Tuesday, January 19, 2010


This morning I’ve gone round and round with Michael Jr. He doesn’t get it and apparently my powers of elucidation/per-suasion are weak. He is studying poetry and he wants me to explain to him why it isn’t stupid and a waste of his time.

Admittedly I don’t sit around reading poetry often but the good stuff moves me. The way the sounds and meanings of words come together to provide something close to an experience. Today he read “Stopping by Woods on a Snowy Evening” by Robert Frost, “Sympathy” by Paul Lawrence Dunbar, and “A Psalm of Life” by Henry Wadsworth Longfellow; all amazing poems. I guess I’ll just have to sit down with him and discuss them line by line. Not that I’m an expert but I don’t think he’ll get that the Robert Frost poem is about death and suicide. He understood that “Sympathy” was about slavery but maybe he didn’t understand that it’s also more specifically Jim Crow laws and generally speaking struggles we all face. The Longfellow poem is maybe a little less nuanced but powerful nonetheless and exactly the message this young man needs.

I guess what he’s not grasping is the whole concept of metaphors. Not everything is black and white and science and math. And I’m glad of it.

Not long ago I noticed that one of my classmates is now a professor and poet. Jenifer Vernon teaches at the University of Alaska Southeast as a professor of communication. That’s Fabulous! She wrote a book entitled Rock Candy and Garrison Keillor even read her poem “Blackberry Pie” on Writer’s Almanac. Incredible! Her book received a glowing review in the Juneau Empire. The reviewer noted that her “Elegy for Chastity” was the heart of it. A thirteen-page heart to be exact. Chastity. Hmm. It was ringing a bell and then I read that it was about Chastity Batram. No, he must have it wrong. It had to be Chastity Bartram.

Chastity died on July 26, 1998 of a gunshot wound. Gut-shot by her estranged boyfriend. I knew she and her grandparents were my dad’s patients and I knew that her boyfriend was the son of my piano teacher back in the day. At the time, I was staying with my parents waiting for Sierra‘s grand entrance and the completion of our first home. We’d just had our 10 year high school reunion the night before. When my mom told me the news my mind raced trying to place this girl somewhere in my life but there were no matches. Was she in middle school with us? I didn’t see her in our yearbooks. But her name was familiar. The only thing that came to me was the scratch of my piano teacher’s super-fine point pen on my assignment books and her self-aggrandizing “HI-IQ” personalized license plates. I didn’t know her son and I guess I didn’t know Chastity either.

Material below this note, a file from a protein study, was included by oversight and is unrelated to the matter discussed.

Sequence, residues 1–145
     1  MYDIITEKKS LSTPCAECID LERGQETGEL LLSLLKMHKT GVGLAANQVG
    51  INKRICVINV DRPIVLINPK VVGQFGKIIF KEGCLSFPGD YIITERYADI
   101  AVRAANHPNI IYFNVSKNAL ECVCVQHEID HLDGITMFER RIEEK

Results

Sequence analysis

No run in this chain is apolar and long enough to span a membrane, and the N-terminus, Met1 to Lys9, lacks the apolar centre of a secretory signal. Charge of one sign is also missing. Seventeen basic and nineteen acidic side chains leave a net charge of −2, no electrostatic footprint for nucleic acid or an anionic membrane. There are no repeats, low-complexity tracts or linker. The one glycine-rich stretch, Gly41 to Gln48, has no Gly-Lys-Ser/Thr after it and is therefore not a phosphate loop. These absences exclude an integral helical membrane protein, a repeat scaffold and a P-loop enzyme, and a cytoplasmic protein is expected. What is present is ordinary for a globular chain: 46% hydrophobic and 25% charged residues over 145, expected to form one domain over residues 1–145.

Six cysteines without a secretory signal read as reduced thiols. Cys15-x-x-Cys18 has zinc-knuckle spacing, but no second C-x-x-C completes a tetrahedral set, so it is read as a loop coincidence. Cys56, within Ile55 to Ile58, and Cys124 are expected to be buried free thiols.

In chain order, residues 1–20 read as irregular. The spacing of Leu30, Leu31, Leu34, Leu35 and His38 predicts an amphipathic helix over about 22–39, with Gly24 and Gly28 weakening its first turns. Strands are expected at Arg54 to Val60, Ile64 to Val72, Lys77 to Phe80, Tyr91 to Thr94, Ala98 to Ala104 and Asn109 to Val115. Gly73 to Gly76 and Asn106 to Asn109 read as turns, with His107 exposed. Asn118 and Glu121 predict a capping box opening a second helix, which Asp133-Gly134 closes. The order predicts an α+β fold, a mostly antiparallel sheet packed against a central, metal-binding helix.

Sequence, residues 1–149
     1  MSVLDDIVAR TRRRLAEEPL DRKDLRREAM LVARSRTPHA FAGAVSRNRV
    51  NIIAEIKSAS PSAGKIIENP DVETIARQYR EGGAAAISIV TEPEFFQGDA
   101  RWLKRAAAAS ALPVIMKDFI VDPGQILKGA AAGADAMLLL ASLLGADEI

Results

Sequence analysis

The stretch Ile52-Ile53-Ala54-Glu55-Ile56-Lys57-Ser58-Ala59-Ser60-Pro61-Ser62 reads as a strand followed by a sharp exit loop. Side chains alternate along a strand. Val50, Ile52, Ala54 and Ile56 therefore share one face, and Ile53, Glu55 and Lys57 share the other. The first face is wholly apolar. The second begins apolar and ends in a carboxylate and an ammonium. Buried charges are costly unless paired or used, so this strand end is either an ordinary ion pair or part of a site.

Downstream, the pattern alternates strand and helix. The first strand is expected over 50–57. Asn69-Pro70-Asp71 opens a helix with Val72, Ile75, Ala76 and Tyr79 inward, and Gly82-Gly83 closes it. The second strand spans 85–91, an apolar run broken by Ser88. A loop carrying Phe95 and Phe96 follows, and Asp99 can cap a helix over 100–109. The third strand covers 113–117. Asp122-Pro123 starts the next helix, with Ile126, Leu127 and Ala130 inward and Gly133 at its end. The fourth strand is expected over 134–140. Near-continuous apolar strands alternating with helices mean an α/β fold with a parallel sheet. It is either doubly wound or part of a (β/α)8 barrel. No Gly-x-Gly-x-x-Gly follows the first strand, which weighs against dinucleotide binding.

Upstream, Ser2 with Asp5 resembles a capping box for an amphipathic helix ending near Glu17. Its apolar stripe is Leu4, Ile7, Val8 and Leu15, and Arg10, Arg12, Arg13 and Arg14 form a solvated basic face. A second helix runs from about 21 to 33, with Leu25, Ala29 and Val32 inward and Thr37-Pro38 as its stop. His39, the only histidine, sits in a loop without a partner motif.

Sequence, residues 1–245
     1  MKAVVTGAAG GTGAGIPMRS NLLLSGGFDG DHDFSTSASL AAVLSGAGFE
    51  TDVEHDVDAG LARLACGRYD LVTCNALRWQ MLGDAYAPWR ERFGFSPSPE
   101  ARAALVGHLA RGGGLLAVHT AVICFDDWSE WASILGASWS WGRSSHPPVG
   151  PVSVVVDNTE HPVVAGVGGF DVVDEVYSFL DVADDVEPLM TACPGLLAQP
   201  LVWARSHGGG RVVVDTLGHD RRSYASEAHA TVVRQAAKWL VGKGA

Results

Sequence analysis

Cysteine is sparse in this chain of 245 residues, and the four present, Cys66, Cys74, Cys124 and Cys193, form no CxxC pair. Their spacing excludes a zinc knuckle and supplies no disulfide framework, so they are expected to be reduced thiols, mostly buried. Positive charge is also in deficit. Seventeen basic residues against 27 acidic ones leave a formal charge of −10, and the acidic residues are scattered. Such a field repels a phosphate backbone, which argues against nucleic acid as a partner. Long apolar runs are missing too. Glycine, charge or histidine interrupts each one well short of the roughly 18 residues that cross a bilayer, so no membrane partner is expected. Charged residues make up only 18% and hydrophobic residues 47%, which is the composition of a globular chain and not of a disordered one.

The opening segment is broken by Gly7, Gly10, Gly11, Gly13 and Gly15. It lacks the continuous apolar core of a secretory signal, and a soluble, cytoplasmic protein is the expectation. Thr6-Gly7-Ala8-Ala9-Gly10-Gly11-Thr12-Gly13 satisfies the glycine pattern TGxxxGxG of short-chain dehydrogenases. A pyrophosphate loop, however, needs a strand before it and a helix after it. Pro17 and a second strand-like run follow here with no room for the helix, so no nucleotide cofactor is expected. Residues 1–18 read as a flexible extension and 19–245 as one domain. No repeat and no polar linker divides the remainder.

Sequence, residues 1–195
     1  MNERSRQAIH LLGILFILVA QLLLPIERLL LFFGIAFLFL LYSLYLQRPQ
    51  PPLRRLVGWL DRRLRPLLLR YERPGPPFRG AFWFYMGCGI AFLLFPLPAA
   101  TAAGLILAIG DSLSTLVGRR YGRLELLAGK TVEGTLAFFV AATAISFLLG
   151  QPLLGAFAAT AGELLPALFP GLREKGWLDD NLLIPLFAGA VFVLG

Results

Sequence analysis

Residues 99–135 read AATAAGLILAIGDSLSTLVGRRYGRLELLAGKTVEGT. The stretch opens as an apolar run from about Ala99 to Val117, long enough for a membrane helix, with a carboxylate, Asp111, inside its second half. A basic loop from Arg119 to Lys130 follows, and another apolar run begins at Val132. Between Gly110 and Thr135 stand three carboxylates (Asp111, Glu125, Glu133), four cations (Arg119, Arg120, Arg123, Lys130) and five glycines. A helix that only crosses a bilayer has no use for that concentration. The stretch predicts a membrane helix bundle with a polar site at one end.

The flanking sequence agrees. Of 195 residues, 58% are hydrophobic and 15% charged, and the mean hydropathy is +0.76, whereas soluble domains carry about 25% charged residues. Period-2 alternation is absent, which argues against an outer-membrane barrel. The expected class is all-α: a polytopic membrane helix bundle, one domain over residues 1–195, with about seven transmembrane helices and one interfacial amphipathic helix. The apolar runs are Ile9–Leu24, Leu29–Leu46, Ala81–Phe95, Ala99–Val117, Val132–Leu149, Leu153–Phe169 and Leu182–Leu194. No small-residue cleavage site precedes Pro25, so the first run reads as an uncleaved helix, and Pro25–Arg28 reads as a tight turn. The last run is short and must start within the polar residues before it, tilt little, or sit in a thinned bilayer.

She was remembered by someone who took the time to write it down and that’s powerful. We can all hope for that and most of us would fall short. Poetry gives us an opportunity to make that leap into the mind of another and understand them. Maybe even feel what they’re feeling. It’s connection and it’s powerful. Now how to get that through Michael’s thick skull?

P.S. The reviewer referred to Yelm as “a dirty river Pacific Northwest town”. What’s up with that? Is that poetic? Yelm isn’t even known for the river (Nisqually) that divides it from McKenna and points north. How about the prairie or the incomparable view of Mt. Rainier? I guess that doesn’t quite work when you’re reviewing a poem about a life cut short.


  1. I remember Chastity.

    She was my friend in 2nd grade. I remember her in my 6th grade class. Then somehow she disappeared from my awareness.

    When I think of her now (as I occassionally do), it's a combined picture of all the Chastitys I knew: the little girl with freckles and blond pigtails with pink ribbons; the preteen with long blond hair that I longed to have; and the woman whose life was cut short, with blood running through her beautiful blond hair.

    Thank you for reminding me of her once again. I'm glad Jenifer's poem will keep her memory alive.

    (Darn it! You made me cry! And now I must head over to Amazon and order Jenifer's book.)

  2. And about the reviewer's description of Yelm: perhaps he was meant to be describing McKenna, which was more of Jenifer's early experience, being from the Pierce County side of the NISQUALLY river ;)

  3. You got me there--better fix that! I was thinking of the river closer to our place but of course it's the Nisqually. I wondered about the "dirty river" comment because the article said she was from Yelm. But she lived out by Hart's lake right? I remember staying the night with Gretchen Graham once many, many moons ago:).


So, what do you think?